Twitter deleted the option for activists to include a ‘hashtag movement’ as part of their request to be verified on the platform, and didn’t inform users about the change, Liam O’Dell can confirm.
The process for verification on Twitter, which comes in the form of the coveted blue badge, was relaunched in May, following an almost four-year pause in applications from November 2017. A year later, the social media site revealed it had dropped work on verification in favour of election integrity.
As part of the platform’s new verification policy, on which Twitter invited public feedback last year, “activists, orgnaizers and other influential individuals” have to demonstrate that they are in the top 0.05% for followers or conversations, or are “widely credited for creating a hashtag movement that is capturing a large volume of conversation within a given community”. This is in addition to meeting one of the criteria for ‘off-platform notability’.
However, this website can reveal that the ‘hashtag movement’ option was quietly removed from Twitter’s verification policy earlier this week – with the paragraph deleted sometime between 20:26 GMT on Monday and 00:44 GMT on Tuesday, according to the Internet Archive’s Wayback Machine.
While Twitter’s @verified account tweeted on 9 July that for “those applying as an activist/influential individual, your follower count must be in the top .05% of active accounts located in the same geographic region”, the platform is yet to mention the removal of the ‘hashtag movement’ criteria.
The change came as disabled activists reported seeing a new rejection message when they tried to apply in the mobile app under the activist category.
“You aren’t eligible for verification in this category. You have not met the minimum follower or mention threshold for your region that is required to be verified as an activist or influential individual,” the message reads.
In a tweet posted last Sunday, Canadian disability campaigner Karli Drew wrote: “I waited the full 30 days, and now it’s ‘mysteriously’ not letting me reapply because my follower-count isn’t enough for my region. 14.6k for a Canadian disabled activist should suffice *at least* to apply.”
More recently, chronically ill and #DemolishDisabledPoverty campaigner Matthew Cortland, who boasts more than 41,000 followers on the platform, posted a screengrab of the new rejection message and added: “‘Go to hell’ would have been shorter @twitter – so much for ‘you can try again after 30 days’.”
Matthew has since been verified by Twitter.
The reports confirm an earlier article by Liam O’Dell on Monday, in which it was noted that Twitter no longer allowed people to share a popular ‘hashtag movement’ in their application.
“Despite it still being listed under their official verification policy, it looks like the ‘hashtag movement’ way in has been shut off to everyone.
“With marginalised accounts receiving small follower counts – one simple reason being that they’re marginalised voices – this heavy focus on the number of followers shuts out so many activists. It fails to recognise a basic principle which underpins social media campaigning on platforms such as Twitter when it comes to underrepresented individuals.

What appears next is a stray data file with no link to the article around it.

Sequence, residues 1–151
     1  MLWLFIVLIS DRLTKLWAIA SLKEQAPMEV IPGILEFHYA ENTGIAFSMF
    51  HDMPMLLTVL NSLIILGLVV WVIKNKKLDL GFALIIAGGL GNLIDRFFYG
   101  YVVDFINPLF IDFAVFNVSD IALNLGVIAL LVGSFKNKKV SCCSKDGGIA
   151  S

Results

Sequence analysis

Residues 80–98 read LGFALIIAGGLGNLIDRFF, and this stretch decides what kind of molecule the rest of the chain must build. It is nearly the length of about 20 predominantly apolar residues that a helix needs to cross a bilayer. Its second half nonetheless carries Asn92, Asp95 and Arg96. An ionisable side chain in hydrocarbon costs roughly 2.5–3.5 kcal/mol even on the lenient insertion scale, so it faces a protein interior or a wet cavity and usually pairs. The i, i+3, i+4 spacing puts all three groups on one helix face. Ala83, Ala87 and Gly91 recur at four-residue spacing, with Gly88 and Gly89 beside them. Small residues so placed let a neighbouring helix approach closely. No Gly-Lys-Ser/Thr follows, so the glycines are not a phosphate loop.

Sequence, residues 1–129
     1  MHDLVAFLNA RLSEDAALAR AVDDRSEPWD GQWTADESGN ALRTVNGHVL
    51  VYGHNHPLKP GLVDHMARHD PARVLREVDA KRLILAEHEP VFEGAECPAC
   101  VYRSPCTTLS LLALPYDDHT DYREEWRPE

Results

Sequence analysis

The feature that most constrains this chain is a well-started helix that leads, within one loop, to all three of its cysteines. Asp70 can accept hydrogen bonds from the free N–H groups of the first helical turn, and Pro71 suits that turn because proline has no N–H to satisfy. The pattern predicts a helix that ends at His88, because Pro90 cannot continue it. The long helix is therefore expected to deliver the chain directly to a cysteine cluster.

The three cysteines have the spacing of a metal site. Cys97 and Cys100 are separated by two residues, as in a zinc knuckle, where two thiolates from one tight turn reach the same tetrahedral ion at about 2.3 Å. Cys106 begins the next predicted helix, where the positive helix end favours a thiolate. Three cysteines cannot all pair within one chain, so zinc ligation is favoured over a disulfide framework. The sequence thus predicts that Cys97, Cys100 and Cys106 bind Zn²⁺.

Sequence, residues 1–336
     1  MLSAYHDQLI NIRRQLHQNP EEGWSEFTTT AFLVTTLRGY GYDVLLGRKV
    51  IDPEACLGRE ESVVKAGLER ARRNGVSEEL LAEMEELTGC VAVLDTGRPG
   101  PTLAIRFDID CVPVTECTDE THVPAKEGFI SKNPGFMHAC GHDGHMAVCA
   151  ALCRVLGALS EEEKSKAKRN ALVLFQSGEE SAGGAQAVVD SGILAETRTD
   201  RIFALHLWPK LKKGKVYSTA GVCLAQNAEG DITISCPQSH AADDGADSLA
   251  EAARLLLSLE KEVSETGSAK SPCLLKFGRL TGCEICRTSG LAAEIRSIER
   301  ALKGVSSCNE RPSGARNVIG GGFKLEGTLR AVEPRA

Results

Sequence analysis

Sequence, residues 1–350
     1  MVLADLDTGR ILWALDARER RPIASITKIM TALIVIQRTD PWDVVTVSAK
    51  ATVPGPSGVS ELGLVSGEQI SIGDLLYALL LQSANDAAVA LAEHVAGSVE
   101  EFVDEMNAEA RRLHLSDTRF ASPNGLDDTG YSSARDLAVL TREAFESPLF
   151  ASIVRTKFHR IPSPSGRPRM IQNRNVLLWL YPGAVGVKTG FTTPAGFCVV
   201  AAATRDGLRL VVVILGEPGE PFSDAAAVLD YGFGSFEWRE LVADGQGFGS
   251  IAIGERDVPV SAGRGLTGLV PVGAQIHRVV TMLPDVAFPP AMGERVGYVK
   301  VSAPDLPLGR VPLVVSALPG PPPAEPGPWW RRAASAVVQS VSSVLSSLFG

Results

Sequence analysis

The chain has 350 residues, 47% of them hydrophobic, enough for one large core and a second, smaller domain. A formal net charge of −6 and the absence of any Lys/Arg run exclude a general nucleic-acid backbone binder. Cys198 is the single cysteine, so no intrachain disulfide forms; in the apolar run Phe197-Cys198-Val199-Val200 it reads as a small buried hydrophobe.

“And to be clear, I also have my criticisms around the reductionist idea of a ‘hashtag movement’ too, given it doesn’t acknowledge the nuance of activism. It’s good this criteria could possibly have been removed by Twitter, but the remaining two options are useless. Even with a small number of followers, disabled activists are notable within the community, and they’re making an impact,” it reads.
When approached by this website to confirm the change, a spokesperson for Twitter said they are “constantly reviewing” their criteria for verification, as well as decisions on applications, to “help us understand how we can make verification more equitable”.
“We plan to iterate and improve the criteria for all categories over time based on our observations and public feedback,” they added.
Their comment came the same day as Twitter Verified tweeted about its voluntary demographic survey at the end of the application process, echoing an announcement already made by a Twitter product director earlier last month.
Liam O’Dell reached out to Twitter for early preliminary data on the number of disabled people who are having verification requests rejected, but was told they cannot share data at the moment.
Speaking to this website on Friday, Twitter said that the original purpose of the ‘hashtag movement’ option was for it to be considered evidence of notability, but they have since learned that it was an insufficient way to measure this, and it was hard to prove whether an account met the requirement. The option was removed as a result.
The latest version of Twitter verification policy can be found on its website.
Image of rejection message courtesy of Alim Jayda.